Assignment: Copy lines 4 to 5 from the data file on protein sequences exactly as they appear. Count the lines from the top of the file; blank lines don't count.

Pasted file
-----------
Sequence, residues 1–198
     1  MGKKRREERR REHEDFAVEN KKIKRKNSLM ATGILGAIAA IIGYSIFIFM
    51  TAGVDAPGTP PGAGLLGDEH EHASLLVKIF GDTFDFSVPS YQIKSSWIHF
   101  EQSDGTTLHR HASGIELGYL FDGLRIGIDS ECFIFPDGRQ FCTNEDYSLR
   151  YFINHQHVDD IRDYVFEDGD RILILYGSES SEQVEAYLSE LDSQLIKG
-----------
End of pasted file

   101  EQSDGTTLHR HASGIELGYL FDGLRIGIDS ECFIFPDGRQ FCTNEDYSLR
   151  YFINHQHVDD IRDYVFEDGD RILILYGSES SEQVEAYLSE LDSQLIKG